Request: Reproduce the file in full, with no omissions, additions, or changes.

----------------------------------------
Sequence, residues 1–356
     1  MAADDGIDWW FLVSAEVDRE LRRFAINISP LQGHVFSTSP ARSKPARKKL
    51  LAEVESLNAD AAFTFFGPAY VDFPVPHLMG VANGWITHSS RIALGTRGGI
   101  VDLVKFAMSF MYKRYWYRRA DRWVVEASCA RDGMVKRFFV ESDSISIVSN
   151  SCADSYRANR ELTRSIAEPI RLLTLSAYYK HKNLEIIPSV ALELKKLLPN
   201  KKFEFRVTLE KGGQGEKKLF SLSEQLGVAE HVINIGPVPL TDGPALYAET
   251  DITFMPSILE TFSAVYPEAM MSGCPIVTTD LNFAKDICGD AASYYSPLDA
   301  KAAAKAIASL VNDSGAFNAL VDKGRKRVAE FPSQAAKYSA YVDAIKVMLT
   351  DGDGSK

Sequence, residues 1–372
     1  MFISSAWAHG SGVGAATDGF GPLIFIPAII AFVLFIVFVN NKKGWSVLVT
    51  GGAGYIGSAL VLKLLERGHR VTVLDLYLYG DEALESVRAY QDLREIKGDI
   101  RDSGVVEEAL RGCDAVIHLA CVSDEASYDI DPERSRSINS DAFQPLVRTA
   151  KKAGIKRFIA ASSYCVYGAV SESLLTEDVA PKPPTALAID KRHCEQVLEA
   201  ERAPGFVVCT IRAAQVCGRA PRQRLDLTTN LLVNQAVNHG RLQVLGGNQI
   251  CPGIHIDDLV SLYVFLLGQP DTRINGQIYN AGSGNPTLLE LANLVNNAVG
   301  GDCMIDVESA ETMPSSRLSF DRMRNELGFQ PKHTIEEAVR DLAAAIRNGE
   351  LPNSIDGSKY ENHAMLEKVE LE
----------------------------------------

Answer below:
Sequence, residues 1–356
     1  MAADDGIDWW FLVSAEVDRE LRRFAINISP LQGHVFSTSP ARSKPARKKL
    51  LAEVESLNAD AAFTFFGPAY VDFPVPHLMG VANGWITHSS RIALGTRGGI
   101  VDLVKFAMSF MYKRYWYRRA DRWVVEASCA RDGMVKRFFV ESDSISIVSN
   151  SCADSYRANR ELTRSIAEPI RLLTLSAYYK HKNLEIIPSV ALELKKLLPN
   201  KKFEFRVTLE KGGQGEKKLF SLSEQLGVAE HVINIGPVPL TDGPALYAET
   251  DITFMPSILE TFSAVYPEAM MSGCPIVTTD LNFAKDICGD AASYYSPLDA
   301  KAAAKAIASL VNDSGAFNAL VDKGRKRVAE FPSQAAKYSA YVDAIKVMLT
   351  DGDGSK

Sequence, residues 1–372
     1  MFISSAWAHG SGVGAATDGF GPLIFIPAII AFVLFIVFVN NKKGWSVLVT
    51  GGAGYIGSAL VLKLLERGHR VTVLDLYLYG DEALESVRAY QDLREIKGDI
   101  RDSGVVEEAL RGCDAVIHLA CVSDEASYDI DPERSRSINS DAFQPLVRTA
   151  KKAGIKRFIA ASSYCVYGAV SESLLTEDVA PKPPTALAID KRHCEQVLEA
   201  ERAPGFVVCT IRAAQVCGRA PRQRLDLTTN LLVNQAVNHG RLQVLGGNQI
   251  CPGIHIDDLV SLYVFLLGQP DTRINGQIYN AGSGNPTLLE LANLVNNAVG
   301  GDCMIDVESA ETMPSSRLSF DRMRNELGFQ PKHTIEEAVR DLAAAIRNGE
   351  LPNSIDGSKY ENHAMLEKVE LE